• A plastic package containing a new shower curtain is labeled “recyclable.” It is not clear whether the package or the shower curtain is recyclable. In either case, the label is deceptive if any part of the package or its contents, other than minor components, cannot be recycled.
  • An area rug is labeled “50% more recycled content than before,” but the manufacturer only increased the recycled content from 2% to 3%. Although technically true, the message conveys the false impression that the rug contains a sizeable amount of recycled fiber.
  • A trash bag is labeled “recyclable.” However, trash bags are not usually separated from other trash at the landfill or incinerator, so they are highly unlikely to be used again for any purpose. The claim is deceptive since it asserts an environmental benefit where no meaningful benefit exists.

The guide also cautions marketers not to make broad, unqualified claims that a product is “environmentally friendly” or “eco-friendly” as studies have found most of these claims are nearly impossible to validate. Companies can avoid this through these steps:

  • Be specific: Use words, phrases, and ESG terminology clearly, correctly, and intentionally.
  • Don’t lie by omission: Be sure to showcase the good and the bad. Avoiding the negative is the same thing as lying about it.
  • Don't exaggerate: Be sure to represent the green qualities of your products or business as they realistically exist, not as you want them to be.
  • Avoid making general claims: Don’t make generic statements such as “organic” if it isn’t certified organic.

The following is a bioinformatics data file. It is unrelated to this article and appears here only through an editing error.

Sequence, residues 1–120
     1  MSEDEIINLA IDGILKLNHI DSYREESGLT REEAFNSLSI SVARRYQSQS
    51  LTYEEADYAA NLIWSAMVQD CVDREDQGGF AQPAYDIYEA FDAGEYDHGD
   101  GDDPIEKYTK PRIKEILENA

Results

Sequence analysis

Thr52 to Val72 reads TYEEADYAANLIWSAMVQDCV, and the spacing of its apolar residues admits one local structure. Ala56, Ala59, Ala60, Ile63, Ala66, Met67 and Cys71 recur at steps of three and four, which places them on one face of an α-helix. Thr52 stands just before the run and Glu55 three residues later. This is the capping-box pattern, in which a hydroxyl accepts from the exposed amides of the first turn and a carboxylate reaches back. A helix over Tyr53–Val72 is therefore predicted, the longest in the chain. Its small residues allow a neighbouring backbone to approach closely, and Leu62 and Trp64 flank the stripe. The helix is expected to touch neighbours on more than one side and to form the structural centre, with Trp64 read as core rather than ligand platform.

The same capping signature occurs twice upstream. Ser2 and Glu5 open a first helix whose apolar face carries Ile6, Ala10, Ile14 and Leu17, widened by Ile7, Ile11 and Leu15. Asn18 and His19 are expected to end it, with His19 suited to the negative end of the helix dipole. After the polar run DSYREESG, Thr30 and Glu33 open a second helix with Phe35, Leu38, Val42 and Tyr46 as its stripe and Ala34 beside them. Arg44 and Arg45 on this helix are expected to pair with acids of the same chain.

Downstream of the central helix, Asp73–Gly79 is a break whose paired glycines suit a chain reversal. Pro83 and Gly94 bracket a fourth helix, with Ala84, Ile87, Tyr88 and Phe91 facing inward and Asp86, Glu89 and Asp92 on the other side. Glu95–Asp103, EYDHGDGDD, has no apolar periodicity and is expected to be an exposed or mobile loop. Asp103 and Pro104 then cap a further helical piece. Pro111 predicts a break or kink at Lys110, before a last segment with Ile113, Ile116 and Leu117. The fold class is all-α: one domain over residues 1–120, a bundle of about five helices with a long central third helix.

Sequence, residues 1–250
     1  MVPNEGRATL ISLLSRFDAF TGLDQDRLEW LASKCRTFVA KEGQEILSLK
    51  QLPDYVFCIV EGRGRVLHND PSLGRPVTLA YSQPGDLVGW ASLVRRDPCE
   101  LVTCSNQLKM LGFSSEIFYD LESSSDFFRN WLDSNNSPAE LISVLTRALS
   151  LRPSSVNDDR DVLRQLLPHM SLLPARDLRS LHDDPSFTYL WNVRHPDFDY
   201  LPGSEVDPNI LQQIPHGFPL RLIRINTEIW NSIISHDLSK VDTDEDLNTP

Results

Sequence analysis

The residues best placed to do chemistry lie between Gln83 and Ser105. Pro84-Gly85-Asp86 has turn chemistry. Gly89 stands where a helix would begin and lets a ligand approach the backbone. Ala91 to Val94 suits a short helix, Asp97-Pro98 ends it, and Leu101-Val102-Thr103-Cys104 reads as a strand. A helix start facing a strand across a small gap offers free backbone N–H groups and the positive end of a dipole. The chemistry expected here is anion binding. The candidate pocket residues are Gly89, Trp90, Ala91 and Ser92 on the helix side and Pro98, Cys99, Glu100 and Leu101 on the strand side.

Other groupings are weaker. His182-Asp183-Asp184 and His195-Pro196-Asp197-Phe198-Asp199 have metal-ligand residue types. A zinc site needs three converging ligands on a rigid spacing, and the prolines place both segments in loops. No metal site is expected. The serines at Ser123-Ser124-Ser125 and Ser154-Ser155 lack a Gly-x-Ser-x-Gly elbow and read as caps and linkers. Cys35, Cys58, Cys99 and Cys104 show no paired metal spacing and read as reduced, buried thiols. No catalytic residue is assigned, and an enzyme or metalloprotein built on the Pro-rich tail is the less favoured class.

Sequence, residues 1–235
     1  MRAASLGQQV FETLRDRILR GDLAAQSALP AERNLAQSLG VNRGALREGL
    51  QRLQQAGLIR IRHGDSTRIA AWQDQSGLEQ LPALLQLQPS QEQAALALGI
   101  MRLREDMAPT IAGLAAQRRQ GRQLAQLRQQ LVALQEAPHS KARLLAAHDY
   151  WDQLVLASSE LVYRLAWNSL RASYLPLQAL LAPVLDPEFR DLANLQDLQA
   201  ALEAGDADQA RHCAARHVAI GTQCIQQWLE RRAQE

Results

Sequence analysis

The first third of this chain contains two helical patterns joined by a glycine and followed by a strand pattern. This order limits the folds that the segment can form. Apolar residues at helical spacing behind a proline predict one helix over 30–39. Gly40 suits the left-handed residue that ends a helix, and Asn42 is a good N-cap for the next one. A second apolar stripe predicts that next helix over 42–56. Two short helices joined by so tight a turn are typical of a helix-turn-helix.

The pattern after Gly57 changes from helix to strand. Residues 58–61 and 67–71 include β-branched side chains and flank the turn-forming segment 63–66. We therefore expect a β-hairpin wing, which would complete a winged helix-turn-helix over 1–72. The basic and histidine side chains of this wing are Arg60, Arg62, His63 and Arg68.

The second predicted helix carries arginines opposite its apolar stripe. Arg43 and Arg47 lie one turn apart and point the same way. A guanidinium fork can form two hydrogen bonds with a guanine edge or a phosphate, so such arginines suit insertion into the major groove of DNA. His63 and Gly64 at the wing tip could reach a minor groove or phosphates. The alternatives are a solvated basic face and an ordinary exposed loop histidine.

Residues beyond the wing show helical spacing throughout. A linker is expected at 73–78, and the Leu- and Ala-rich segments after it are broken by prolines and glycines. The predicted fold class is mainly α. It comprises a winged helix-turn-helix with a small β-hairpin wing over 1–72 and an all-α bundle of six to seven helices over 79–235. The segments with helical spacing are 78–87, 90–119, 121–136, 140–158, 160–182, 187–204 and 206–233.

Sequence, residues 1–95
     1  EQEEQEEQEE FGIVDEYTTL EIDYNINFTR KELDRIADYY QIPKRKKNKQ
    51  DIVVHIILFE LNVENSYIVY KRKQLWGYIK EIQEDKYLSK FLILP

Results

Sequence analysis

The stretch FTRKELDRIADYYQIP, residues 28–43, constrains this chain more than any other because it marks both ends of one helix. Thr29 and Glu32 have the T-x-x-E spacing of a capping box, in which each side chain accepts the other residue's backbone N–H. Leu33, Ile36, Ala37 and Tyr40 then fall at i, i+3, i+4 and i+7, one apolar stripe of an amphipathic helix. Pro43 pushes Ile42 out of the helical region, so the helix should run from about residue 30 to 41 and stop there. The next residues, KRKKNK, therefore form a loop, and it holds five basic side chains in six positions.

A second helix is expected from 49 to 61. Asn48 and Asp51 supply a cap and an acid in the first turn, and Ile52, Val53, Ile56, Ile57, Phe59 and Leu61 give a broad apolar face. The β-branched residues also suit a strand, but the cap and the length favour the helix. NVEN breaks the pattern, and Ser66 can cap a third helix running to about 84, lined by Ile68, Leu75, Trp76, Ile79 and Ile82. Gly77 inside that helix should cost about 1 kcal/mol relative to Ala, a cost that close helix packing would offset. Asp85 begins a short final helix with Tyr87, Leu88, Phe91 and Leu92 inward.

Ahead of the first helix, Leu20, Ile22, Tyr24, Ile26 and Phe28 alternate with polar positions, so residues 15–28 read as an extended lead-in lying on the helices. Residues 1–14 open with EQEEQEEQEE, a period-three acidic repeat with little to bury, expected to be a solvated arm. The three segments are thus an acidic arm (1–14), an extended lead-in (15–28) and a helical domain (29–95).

• Be transparent: Your company needs to be able to back up its claims through transparent, substantiated data.

Share metrics & data

A key problem in the ESG investment world is the scarcity of regulations governing what ESG measures and risks companies must disclose and the patchy, inconsistent nature of ESG communications. However, investors are increasingly incorporating ESG data into their decision-making processes to gain a broad understanding of the companies in which they invest. This need for meaningful ESG data and clear information on sustainable practices is forcing companies to better demonstrate their outcomes.

Share accurate metrics & data

Offering reliable, factual, consistent data gives investors the opportunity to track progress and gather the critical information they need for peer comparison and risk mitigation. Using financial data, industry benchmarking, and artificial intelligence can help companies capture vast amounts of structured and unstructured data. All of this data can be used to accurately report on ESG performance improvements and provide assurance to investors.

While companies don’t need to share their process, it’s important to share the concrete data and numbers. Putting numbers alongside pledges and policies to back up information helps provide honest communication with stakeholders. It’s important to note that companies will do best by owning their data and personally taking the lead on communicating this data with investors and stakeholders via ESG reporting and including this information in their ESG marketing strategy.